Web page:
by Sean Clark
In my junior AP Language and Composition class, we simply could not have a complete discussion on the racially-charged book, The Invisible Man, by Ralph Ellison. My teacher ultimately said that she did not feel comfortable discussing race without African-American perspectives in the class. How can a classroom full of non-African-Americans really discuss what it’s like to be an African-American in the 21st century? The answer is, they can’t. In my higher education, I do not want a lack of diversity to continue to affect the length at which my classes can discuss political issues, literature, and life experiences.
We’re in the midst of college decisions and any students believe race should not be a factor in the college admissions process. Yes, in a perfect world it would be nice if we could just pretend that race doesn’t exist. However, race plays a key role in the lives of many people. We’re trained to associate differentiating between races with racism. Ignoring race, however, erases the unique hardships and perspectives of marginalized groups. Ultimately, a marginalized college applicant is more likely to bring unique perspectives to the student body.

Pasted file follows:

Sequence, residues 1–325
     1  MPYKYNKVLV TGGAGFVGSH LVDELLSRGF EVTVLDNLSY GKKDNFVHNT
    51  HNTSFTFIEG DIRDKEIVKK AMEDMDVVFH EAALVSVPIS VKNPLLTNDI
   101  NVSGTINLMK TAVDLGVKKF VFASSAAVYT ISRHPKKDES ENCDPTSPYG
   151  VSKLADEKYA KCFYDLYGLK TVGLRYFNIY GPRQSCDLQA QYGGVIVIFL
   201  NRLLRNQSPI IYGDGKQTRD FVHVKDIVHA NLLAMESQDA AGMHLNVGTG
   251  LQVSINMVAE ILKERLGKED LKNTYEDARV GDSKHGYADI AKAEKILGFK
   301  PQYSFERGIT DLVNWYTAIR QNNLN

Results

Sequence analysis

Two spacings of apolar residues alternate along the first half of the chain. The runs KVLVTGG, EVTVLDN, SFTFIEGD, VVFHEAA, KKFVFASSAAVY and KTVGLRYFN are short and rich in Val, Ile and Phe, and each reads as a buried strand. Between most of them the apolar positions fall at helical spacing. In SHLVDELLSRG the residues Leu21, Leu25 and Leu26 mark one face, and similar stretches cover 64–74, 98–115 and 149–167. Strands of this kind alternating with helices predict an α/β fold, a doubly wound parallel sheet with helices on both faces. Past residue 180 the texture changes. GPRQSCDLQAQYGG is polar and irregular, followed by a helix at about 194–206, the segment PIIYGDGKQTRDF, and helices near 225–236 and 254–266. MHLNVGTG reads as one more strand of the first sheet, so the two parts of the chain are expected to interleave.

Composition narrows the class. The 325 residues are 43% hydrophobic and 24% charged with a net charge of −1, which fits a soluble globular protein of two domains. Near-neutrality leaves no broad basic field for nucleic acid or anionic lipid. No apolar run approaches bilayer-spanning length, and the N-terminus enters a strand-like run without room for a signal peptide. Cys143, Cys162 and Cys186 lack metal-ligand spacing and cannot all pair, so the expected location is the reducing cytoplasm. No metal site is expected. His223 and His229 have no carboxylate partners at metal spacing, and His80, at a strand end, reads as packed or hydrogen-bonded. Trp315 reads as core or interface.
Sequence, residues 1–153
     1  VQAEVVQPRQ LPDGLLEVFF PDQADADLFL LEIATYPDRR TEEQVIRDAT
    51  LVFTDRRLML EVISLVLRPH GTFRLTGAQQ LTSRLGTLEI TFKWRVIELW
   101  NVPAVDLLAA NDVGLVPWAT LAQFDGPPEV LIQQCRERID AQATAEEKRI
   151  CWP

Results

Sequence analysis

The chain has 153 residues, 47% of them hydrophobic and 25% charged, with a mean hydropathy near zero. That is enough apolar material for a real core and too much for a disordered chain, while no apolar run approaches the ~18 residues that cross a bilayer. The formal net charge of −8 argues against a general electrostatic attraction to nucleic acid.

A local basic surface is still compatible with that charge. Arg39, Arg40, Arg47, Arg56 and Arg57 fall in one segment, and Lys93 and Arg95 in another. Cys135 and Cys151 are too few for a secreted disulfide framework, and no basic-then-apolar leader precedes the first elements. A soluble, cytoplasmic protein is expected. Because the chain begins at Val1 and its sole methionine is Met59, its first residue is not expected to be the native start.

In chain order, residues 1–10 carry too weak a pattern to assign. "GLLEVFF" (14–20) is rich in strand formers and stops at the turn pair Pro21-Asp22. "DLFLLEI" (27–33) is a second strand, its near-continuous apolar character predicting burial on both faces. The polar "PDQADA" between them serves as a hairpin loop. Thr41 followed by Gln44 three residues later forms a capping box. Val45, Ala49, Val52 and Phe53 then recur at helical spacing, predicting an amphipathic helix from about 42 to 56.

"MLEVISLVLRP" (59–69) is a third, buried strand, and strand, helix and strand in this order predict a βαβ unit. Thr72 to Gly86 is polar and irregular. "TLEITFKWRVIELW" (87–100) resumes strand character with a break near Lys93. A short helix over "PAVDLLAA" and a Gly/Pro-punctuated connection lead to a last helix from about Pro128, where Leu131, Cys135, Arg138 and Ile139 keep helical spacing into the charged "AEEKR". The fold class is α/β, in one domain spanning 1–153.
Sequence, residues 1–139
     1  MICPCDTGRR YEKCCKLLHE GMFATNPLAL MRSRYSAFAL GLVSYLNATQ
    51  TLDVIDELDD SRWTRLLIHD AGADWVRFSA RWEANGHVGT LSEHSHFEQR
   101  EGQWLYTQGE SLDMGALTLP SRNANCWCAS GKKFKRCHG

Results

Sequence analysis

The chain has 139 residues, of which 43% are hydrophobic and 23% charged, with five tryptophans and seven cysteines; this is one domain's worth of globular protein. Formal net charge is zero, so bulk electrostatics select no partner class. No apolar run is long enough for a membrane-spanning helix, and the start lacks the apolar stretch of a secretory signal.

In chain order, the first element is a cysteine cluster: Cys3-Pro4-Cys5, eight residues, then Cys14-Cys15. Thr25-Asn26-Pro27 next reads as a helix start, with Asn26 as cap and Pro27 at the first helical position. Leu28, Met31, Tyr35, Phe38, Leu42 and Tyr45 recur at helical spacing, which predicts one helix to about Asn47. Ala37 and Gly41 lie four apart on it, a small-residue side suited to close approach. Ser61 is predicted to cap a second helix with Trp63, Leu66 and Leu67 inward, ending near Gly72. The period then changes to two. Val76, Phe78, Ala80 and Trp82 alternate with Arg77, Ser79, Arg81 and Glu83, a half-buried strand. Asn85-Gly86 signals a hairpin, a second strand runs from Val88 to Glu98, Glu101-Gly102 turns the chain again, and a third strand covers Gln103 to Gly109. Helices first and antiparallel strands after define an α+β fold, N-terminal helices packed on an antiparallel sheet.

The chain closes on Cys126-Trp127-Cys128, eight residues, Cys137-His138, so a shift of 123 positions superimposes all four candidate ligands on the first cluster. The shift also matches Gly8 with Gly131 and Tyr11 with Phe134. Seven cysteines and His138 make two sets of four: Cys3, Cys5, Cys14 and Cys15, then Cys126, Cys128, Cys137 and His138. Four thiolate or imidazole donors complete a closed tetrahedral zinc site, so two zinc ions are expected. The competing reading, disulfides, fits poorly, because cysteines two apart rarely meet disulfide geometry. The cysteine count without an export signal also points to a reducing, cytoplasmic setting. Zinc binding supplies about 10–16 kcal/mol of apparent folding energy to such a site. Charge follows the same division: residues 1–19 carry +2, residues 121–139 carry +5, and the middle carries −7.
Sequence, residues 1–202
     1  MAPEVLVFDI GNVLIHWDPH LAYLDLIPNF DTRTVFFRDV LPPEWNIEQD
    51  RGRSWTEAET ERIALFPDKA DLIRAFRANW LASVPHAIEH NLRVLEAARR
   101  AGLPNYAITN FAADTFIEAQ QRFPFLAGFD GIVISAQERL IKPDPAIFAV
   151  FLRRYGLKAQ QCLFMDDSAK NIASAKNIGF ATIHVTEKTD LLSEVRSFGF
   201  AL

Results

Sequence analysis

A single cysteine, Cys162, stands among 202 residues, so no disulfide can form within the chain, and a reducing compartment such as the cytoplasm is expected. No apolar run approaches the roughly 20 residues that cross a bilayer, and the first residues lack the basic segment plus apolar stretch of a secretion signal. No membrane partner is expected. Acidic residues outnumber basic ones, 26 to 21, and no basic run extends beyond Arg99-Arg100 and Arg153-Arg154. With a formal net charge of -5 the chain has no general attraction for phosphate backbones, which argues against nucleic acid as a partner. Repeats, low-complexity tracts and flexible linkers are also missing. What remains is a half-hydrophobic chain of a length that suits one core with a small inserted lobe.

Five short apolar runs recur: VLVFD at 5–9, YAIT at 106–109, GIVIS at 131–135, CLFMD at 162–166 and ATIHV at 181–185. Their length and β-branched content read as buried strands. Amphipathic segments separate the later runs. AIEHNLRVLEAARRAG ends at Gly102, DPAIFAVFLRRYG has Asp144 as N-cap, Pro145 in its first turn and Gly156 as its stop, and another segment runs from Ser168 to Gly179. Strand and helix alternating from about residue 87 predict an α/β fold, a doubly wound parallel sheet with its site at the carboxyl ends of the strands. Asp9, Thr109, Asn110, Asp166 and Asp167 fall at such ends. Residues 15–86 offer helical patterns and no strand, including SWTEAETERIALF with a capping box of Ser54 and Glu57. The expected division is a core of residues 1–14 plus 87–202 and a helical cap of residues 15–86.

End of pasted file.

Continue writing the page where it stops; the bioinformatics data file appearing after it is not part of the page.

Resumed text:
In states that have banned affirmative action policies, minority student enrollment has shifted from highly selective universities to less selective universities, according to the Brookings Institute. But who cares? College is college, right? Wrong. That only applies to white people. According to a study conducted by Alan Kreuger, a Princeton University professor, and Stacy Dale, a researcher at Mathematica Policy Research, Inc., “graduating from selective universities does not increase the earnings likelihood for middle-class whites but does significantly increase the earnings likelihood for black and Hispanic students and those from less affluent backgrounds.”
Legacy also comes into play. When our parents were in college, there were significantly fewer college students of color. It’s no secret that prestigious schools such as Yale, Harvard, and Stanford accept extremely high numbers of applicants who have alumni family members. This severely disadvantages Hispanic and black college students whose families have historically not been given the same opportunities to build a legacy within a school.
In years past, African-American students at LGHS have had their college decisions disregarded by white students who say “he/she only got in because he/she is black.” While race does play a factor in college admissions, this comment invalidates all of the achievements that applicant has made over the past four years. Instead, white students need to admit that they benefit from white privilege and acknowledge that colleges want to build a diverse environment to benefit all students.